take another hit and this time don't inhale...idiot..." When wages skyrocket" you've have something called inflation

      October 17, 2011 at 3:58 pm | Report abuse |
    • CarlosinTx

      Oh and in your mind the "controlled inflation" of 3-4 5 yearly growth that capitalism requires is OK? But wages skyrocketing, pffft. that would mean there is more money to spend and make the system self start itself. We can't have that because, then the corportations can't pass the extra costs of inflation to the consumer (oh hold on yes they can) Oh uh corporations can't make humongous rishes living on the DEBT of the nation, yeah there ya go....

      Borrow from the Fed @ .5% and then buy U.S. debt at 2.5% = 2% profit for doing nothing. No wonder Wall St. is raping us, they are being force fed by the bought and paid for Government.

      October 17, 2011 at 4:02 pm | Report abuse |
  10. Imaliberaldunce

    OWS is a Movement. Get it? MOVEMENT?

    Bunch of losers doing nothing protesting about nothing cause nothing is in their resume.

    October 17, 2011 at 3:50 pm | Report abuse |
  11. tamars

    "From my understanding, they feel that governments have done too much to protect companies while doing very little to assist the average citizen." That's right – others protected: goldman sachs, bank of america, chase, hedge funds, oil companies, etc. everyone but we the people. they must stop.

    October 17, 2011 at 3:51 pm | Report abuse |
    • Falconi

      Agreed. It's Government behaviors like this that are starting to look a lot like Socialism to me.

      October 17, 2011 at 3:55 pm | Report abuse |
  12. Jannerl

    PS – I like rich people; it's crooks I can't stand...

    October 17, 2011 at 3:52 pm | Report abuse |
    • CarlosinTx

      All rich people are crooks.

      October 17, 2011 at 4:04 pm | Report abuse |
  13. us1776

    Victory is a level playing field where middle-class and rich incomes rise by the same percentage.

    Victory is fraud and corruption out of Wall Street.

    Victory is fraud and corruption out of Washington.

    Victory is American companies creating jobs for Americans.

    Victory is universal healthcare for all citizens.

    Victory is affordable education for all citizens.

    Victory is sustainable social safety net – the hallmark of every civilized country.

    Victory is a country where all classes work together to build the nation and not just their wallets.

    .

    October 17, 2011 at 3:52 pm | Report abuse |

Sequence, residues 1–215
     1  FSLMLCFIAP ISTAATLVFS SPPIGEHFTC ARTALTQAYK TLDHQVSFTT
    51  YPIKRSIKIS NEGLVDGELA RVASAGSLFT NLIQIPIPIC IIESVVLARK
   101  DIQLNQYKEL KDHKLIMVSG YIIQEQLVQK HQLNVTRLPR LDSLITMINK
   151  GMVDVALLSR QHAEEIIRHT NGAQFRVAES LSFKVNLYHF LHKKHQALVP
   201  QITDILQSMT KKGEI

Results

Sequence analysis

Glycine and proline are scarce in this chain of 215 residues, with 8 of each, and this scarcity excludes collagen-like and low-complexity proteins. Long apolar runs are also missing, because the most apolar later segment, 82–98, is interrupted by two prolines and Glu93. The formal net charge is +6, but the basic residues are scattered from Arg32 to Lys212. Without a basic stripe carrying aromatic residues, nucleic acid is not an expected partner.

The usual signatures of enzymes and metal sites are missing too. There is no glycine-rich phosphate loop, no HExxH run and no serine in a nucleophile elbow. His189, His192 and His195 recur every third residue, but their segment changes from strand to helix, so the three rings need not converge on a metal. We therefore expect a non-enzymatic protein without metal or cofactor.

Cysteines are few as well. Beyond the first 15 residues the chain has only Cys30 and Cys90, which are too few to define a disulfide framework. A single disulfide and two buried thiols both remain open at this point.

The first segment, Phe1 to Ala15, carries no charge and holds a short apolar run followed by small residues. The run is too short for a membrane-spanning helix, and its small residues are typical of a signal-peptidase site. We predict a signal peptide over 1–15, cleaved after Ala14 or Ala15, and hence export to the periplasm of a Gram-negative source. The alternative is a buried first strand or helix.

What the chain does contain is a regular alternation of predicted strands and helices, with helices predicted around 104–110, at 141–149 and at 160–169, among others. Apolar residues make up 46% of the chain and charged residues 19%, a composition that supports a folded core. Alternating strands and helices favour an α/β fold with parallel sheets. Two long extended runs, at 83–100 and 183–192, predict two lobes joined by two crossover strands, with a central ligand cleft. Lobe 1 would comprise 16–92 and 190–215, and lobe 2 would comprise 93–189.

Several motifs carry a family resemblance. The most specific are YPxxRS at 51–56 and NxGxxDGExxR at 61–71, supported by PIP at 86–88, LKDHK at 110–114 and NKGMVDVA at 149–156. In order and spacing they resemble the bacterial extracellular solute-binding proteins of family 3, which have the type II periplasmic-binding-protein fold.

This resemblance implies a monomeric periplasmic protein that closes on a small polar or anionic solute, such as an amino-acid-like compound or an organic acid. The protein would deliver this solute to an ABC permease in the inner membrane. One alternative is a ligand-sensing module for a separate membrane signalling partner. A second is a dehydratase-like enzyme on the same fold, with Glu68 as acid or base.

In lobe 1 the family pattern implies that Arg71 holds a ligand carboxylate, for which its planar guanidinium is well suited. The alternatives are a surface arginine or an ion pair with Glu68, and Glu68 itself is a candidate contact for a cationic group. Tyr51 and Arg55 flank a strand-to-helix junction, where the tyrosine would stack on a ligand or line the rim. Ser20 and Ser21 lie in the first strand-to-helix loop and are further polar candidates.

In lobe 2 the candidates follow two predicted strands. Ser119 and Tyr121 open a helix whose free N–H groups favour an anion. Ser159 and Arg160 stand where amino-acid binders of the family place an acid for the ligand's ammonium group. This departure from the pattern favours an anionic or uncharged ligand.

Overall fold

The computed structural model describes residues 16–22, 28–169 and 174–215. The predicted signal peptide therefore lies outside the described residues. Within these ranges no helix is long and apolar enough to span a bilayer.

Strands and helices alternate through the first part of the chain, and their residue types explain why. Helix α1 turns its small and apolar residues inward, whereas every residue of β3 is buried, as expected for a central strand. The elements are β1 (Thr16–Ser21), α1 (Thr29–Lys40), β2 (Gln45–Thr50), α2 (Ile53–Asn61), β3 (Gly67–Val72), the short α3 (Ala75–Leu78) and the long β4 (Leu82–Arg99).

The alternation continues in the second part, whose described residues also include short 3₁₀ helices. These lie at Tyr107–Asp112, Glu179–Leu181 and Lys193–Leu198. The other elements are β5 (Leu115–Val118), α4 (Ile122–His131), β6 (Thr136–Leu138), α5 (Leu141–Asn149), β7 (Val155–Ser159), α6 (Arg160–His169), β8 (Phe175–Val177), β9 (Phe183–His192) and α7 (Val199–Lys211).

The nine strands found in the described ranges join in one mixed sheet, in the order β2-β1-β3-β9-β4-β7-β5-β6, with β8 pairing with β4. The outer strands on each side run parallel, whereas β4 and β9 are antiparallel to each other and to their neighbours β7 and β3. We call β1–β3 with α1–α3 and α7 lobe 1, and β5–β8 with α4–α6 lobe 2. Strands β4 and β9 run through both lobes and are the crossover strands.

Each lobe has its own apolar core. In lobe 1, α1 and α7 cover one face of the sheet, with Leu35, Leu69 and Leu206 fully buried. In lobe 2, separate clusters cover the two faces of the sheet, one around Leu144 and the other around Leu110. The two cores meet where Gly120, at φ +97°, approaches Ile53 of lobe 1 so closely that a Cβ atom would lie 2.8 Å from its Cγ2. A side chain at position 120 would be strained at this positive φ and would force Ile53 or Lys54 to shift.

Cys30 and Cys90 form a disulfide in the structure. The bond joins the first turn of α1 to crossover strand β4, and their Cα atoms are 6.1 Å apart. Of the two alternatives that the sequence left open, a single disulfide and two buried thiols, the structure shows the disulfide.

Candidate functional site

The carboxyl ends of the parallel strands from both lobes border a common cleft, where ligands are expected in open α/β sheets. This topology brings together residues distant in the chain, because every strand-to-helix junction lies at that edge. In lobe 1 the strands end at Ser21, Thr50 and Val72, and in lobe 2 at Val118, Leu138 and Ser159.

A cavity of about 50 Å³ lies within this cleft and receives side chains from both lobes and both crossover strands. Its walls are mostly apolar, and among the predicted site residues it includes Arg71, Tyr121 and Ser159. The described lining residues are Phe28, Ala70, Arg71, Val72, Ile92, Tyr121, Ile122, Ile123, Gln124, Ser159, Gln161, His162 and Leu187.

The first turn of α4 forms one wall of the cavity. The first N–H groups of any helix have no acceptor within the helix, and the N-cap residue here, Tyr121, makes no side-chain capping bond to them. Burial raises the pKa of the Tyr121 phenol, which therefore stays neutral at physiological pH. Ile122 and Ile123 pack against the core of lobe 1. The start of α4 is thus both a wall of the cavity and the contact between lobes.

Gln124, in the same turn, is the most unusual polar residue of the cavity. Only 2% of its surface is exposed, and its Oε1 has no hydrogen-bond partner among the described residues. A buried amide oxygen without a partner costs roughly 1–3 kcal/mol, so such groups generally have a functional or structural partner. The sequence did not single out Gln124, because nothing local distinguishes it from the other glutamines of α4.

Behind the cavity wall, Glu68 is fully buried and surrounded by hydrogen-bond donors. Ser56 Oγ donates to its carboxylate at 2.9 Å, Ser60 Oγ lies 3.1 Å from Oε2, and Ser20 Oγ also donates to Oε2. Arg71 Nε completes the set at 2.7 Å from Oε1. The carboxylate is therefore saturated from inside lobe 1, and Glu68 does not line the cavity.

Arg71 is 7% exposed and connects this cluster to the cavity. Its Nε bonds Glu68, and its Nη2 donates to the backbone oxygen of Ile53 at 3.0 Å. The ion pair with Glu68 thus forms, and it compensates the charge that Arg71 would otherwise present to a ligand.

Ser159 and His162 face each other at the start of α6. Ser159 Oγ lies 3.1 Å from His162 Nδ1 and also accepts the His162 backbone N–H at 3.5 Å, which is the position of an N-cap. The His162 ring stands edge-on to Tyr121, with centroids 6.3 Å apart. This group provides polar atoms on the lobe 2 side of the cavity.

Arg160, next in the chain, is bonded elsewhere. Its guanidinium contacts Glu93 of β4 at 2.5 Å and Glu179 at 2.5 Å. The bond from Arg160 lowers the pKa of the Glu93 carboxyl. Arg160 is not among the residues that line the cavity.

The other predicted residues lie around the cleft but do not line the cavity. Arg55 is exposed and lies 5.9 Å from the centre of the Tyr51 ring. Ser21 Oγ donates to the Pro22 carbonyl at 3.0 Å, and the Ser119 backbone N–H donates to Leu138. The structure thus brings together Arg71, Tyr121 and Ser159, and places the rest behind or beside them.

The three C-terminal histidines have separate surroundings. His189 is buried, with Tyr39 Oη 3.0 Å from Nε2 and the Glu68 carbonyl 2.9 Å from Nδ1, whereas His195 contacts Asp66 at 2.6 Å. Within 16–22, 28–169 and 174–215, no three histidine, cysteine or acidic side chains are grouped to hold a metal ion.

• GeorgeGray

      The victory will be when the gov't pays people to obey the "law," because at present there is no reason to. The legislatures have not obtained written power of attorney from anyone, do not have "consent of the governed," and can't enact any real laws. Note also that capital will replace labor over time, and the unemployment rate will naturally approach 100%. So, the gov't will have to tax the capital, and redistribute the money to the people who live here, in exchange for obedience. The question is how much useless trouble stands between today and when the gov't pays us to obey the preferences of others, whom we've never met.

      October 17, 2011 at 3:54 pm | Report abuse |
    • Imaliberaldunce

      Victory is putting all you communists back in China so you can work on your equality picking rice.

      Loser.

      October 17, 2011 at 3:55 pm | Report abuse |
    • CarlosinTx

      Liberaldunce,
      We are going to eat your lunch, then eat you.

      October 17, 2011 at 4:05 pm | Report abuse |
  14. Falconi

    "Most were there to show their hatred for the government bailouts for banks.." Don't blame capitalism for this. Ideologically speaking, Capitalism would let the banks fail. It's Socialism that bails them out. I dislike the bailouts too but lets make sure we place the blame where it belongs.

    October 17, 2011 at 3:52 pm | Report abuse |
    • CarlosinTx

      No its corporate control of government,not socialism reacting to appropriate Social needs. Don't blame socialism just because the traitorous scvmbags on Wall St. and their talking head minions have conveniently labelled the theft of Trillions of Tax dollars as Socialism. That is NOT socialism.

      October 17, 2011 at 4:07 pm | Report abuse |
    • Falconi

      Wall Street didn't bail out the big banks, the Government bailed out Wall Street. Socialism defined. Try again.

      October 17, 2011 at 4:13 pm | Report abuse |
  15. GeorgeGray

    The trouble ends when the gov't pays people to obey the "law," because at present there is no reason to. The legislatures have not obtained written power of attorney from anyone, do not have "consent of the governed," and can't enact any real laws. Note also that capital will replace labor over time, and the unemployment rate will naturally approach 100%. So, the gov't will have to tax the capital, and redistribute the money to the people who live here, in exchange for obedience. The question is how much useless trouble stands between today and when the gov't pays us to obey the preferences of others, whom we've never met.

    October 17, 2011 at 3:53 pm | Report abuse |